If you get a phone call telling you there’s a warrant for your arrest, don’t believe it.

It turns out bad actors are researching potential victims on the internet and social media, and if they’re able to find a phone number they will call them and announce there’s a warrant for their arrest or other legal issues.

According to Mercer County Prosecutor Angelo Onofri, the scammers will then threaten people with arrest unless they pay a certain amount of what they may claim is bail money.

The Mercer County Cyber Crimes Unit is investigating recent phone scams where callers spoof non-emergency telephone numbers for different police departments.

Police won't do it

Onofri said everyone needs to understand law enforcement will never ask for payment of any type over the phone nor will they ask for personal identifying information that could be used for fraudulent purposes. Law enforcement and government agencies will also never ask you to pay by unusual methods, such as gift cards, wire transfers or cryptocurrency.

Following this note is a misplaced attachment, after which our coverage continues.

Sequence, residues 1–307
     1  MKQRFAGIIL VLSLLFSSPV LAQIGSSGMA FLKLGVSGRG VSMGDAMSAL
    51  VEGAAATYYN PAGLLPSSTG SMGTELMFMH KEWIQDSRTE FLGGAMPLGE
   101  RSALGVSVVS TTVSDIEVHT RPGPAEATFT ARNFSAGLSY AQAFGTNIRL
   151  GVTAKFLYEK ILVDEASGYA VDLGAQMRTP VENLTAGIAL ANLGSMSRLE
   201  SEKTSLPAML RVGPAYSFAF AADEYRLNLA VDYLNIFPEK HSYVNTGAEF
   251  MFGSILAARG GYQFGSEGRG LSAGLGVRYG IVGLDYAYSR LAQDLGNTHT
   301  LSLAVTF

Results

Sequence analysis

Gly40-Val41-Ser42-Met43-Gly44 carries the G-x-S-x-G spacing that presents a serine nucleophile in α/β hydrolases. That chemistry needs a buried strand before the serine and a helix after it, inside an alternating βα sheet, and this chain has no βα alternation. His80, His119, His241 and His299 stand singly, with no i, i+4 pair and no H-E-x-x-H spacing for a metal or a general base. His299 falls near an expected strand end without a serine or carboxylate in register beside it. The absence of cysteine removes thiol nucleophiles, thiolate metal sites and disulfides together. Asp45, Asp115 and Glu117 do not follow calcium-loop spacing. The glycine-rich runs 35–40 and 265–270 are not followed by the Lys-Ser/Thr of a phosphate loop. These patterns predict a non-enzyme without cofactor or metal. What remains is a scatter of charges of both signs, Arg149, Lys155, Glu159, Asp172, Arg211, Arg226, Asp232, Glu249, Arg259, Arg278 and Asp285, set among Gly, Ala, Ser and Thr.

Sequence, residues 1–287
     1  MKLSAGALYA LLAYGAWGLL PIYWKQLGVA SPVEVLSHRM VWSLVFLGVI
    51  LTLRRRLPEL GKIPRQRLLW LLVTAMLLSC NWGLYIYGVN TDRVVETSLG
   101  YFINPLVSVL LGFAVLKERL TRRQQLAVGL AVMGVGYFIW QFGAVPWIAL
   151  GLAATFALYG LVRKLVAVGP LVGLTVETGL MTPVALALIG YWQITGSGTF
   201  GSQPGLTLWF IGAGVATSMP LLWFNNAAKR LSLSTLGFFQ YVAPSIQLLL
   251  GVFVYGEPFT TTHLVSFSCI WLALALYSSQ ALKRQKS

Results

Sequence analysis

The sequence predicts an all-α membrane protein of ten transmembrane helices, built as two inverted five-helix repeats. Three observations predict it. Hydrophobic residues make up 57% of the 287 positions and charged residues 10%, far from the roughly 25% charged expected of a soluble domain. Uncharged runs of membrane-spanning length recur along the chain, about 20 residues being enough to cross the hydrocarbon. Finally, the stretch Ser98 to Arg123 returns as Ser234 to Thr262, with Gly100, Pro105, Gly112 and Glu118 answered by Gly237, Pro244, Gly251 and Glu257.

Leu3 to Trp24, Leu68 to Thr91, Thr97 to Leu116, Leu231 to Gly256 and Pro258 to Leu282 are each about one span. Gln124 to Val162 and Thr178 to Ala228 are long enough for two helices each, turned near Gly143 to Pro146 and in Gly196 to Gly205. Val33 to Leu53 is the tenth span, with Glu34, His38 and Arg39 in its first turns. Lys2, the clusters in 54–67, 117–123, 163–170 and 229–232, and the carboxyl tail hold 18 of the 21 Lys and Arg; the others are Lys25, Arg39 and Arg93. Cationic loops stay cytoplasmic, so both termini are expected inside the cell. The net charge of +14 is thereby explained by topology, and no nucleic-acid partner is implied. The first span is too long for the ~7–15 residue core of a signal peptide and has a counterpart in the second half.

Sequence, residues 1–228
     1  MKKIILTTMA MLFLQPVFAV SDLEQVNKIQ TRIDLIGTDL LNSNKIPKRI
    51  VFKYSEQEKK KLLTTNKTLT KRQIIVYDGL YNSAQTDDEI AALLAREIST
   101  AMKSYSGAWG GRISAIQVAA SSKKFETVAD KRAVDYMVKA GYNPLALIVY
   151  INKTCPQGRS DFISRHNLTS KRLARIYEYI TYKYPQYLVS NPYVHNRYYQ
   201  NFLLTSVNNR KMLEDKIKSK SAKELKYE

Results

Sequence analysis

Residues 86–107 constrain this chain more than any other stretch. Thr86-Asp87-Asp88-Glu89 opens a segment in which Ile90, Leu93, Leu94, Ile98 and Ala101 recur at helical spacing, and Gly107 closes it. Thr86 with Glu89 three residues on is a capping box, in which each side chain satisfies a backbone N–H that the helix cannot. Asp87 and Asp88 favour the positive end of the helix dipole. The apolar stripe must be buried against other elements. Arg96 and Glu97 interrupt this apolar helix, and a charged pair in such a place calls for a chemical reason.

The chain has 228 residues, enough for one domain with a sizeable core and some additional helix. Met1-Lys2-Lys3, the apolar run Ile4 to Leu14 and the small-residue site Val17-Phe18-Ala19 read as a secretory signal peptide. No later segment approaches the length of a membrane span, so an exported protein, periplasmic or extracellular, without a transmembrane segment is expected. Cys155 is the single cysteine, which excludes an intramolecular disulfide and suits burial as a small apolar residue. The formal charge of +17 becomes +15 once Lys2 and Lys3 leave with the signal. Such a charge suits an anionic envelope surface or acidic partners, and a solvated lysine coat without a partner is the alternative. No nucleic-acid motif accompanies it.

Onofri said if you get a call from what appears to be a police department within Mercer County or the Prosecutor’s Office, confirm who you are speaking with.

If you believe you received a scam telephone call, hang up and call the number back. If the call is legitimate, you'll be connected with a police dispatcher or receptionist who can verify the caller’s identity.

Report any scam calls to your local law enforcement agency.

Artur GettyImages
Artur GettyImages
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David Matthau is a reporter for New Jersey 101.5. You can reach him at david.matthau@townsquaremedia.com

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